By: Dave Fish
I travel a fair amount. Being a Platinum member with two airlines, I am painfully aware of what irks me about the airlines and hotels where I stay. One of my biggest desires is just for service providers to be consistent. Board the plane the same way, keep the rental car experience pickup the same, etc. I don’t care how, just keep it consistent. Same thing with hotels; just don’t give me any surprises – unless they are good ones – and lodging surprises with business travelers are not usually good ones.
Turning to CEBenchmarks, I wondered, how often do business travelers experience problems? What about those hard core “Road Warriors” – people, like myself, who take more than 24 business trips a year or more away from home. Well, the first depressing fact I found out is that my cohorts turn out to be about 4% of the business traveler universe (n=1,702 in our sample). I am part of a rare and pathetic group.
On the brighter side, it turns out that the propensity for the seasoned traveled to experience hotel problems are slightly less than for the occasional business traveler. About 9% of Road Warriors reported that on their last trip they had some kind of problem at the hotel where they stayed. This compares to about 12% for the less itinerant businessperson.
Ok, so that’s good. Road Warriors through luck, skill, good service, or good spirit are not having as many problems. What’s not so good is that when hotels do make a mistake they are less likely to make it right for their hard-core business traveler. Approximately half of the Road Warriors stated that the hotel either completely or somewhat fell short of expectations on resolving the problem on their last stay. This compares with 40% for non-Road Warriors. Less than a quarter of Road Warriors said they met expectations with the remaining 11% saying they exceeded expectations in rectifying the problem. This compares to 30% and 17% for meeting or exceeding expectations for those less traveled.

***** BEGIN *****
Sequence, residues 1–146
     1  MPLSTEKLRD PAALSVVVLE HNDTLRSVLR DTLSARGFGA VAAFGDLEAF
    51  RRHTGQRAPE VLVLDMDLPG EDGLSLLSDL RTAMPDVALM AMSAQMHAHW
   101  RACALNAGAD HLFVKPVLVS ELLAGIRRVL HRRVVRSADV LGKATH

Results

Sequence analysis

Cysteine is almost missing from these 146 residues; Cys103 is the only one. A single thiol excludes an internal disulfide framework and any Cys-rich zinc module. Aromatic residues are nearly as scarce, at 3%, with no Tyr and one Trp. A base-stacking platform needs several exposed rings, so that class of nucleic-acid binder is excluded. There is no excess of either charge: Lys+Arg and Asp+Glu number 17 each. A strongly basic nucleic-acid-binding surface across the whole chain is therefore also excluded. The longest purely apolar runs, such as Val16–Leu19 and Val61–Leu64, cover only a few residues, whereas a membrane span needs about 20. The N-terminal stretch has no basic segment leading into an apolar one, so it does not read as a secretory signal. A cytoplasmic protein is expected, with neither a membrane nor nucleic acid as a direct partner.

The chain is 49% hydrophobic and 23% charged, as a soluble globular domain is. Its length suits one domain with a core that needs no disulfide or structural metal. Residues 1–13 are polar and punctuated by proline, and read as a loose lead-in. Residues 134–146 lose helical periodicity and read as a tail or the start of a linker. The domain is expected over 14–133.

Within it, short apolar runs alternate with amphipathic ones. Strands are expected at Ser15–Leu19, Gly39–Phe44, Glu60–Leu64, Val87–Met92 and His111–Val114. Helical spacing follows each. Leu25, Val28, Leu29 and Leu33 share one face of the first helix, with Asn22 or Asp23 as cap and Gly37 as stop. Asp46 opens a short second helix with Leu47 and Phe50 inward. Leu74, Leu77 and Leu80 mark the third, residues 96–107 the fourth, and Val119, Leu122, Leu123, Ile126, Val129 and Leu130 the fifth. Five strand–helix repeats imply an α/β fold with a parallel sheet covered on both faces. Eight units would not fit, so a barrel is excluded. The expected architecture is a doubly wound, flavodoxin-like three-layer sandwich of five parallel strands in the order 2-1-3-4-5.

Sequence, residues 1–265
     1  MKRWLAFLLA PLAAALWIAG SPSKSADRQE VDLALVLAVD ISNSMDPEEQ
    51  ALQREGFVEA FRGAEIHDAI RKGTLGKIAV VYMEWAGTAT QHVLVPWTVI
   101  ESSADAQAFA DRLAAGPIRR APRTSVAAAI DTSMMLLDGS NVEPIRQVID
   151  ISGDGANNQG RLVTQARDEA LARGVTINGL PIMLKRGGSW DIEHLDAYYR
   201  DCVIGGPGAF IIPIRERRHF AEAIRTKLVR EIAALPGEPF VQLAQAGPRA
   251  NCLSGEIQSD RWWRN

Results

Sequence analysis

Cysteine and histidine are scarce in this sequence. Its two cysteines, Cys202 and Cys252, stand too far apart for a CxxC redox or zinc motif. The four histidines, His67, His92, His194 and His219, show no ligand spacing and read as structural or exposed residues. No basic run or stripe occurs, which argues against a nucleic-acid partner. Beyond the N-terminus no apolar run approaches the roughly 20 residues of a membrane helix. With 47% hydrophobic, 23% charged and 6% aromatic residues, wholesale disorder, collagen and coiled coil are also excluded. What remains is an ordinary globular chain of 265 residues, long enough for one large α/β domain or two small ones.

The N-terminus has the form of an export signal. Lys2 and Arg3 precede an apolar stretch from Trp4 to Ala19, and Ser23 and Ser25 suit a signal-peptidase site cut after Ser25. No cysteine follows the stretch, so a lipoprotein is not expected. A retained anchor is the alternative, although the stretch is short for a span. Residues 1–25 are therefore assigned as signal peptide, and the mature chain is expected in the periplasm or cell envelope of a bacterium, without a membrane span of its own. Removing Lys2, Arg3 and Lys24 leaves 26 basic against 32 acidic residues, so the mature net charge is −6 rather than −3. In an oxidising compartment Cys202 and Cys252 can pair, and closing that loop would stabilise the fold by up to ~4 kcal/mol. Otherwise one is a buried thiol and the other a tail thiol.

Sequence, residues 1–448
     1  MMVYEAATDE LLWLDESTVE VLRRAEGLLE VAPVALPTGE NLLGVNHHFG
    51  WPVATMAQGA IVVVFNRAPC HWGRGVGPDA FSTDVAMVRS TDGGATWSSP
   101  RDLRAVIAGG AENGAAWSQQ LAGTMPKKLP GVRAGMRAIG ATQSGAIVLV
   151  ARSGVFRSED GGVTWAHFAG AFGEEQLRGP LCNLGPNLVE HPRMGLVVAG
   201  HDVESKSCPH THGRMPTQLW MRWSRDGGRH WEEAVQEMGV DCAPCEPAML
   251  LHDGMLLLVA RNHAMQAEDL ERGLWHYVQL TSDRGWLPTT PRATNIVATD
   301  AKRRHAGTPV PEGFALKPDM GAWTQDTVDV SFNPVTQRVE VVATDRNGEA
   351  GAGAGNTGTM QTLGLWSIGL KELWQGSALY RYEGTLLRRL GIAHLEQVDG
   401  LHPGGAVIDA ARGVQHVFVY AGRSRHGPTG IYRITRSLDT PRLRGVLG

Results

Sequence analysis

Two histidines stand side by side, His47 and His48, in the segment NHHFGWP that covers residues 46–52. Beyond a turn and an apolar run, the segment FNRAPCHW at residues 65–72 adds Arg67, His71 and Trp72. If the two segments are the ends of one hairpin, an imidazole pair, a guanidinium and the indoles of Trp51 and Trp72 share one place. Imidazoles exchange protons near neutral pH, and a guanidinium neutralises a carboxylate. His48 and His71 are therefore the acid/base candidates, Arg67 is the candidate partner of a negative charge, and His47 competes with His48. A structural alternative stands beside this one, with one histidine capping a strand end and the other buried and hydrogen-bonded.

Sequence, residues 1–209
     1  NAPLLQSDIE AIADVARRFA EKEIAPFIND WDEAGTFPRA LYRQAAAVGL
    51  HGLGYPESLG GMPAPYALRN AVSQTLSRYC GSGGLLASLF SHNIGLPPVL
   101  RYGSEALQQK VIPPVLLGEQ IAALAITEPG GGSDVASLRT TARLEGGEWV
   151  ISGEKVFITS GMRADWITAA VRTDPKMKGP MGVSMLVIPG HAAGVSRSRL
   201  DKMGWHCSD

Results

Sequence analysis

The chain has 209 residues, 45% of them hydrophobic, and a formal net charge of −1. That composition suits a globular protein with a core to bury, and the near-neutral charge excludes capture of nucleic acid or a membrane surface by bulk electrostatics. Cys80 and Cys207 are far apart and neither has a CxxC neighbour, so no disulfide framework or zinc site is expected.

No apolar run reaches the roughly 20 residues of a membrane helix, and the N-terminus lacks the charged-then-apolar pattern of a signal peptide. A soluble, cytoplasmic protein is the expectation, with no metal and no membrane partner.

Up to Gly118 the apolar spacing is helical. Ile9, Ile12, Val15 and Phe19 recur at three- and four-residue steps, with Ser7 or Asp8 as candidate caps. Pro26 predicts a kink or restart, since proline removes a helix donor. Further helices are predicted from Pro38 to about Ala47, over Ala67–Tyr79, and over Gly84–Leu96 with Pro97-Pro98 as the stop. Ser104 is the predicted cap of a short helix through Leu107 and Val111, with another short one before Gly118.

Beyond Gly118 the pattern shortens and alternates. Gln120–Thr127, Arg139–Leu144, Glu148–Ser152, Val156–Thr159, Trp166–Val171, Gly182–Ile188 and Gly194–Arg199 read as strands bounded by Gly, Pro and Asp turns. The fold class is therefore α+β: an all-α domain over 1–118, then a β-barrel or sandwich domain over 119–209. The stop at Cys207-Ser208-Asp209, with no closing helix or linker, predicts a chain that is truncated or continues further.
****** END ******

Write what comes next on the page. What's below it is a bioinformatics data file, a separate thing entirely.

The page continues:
Another concern is that 16% of Road Warriors are silent sufferers. That is, they experience a problem, but did not report it. They walked away angry, perhaps never to come back again. Is this really the group you want to have walk away disappointed or angry? The need to reach out to these folks and get things resolved while staying at the property or shortly thereafter is pretty self-evident. Are you a road warrior who is a silent sufferer? Are you a property owner and if so, do you know who your silent sufferers are? Are you tracking your Road Warriors and ensuring things are especially good for them?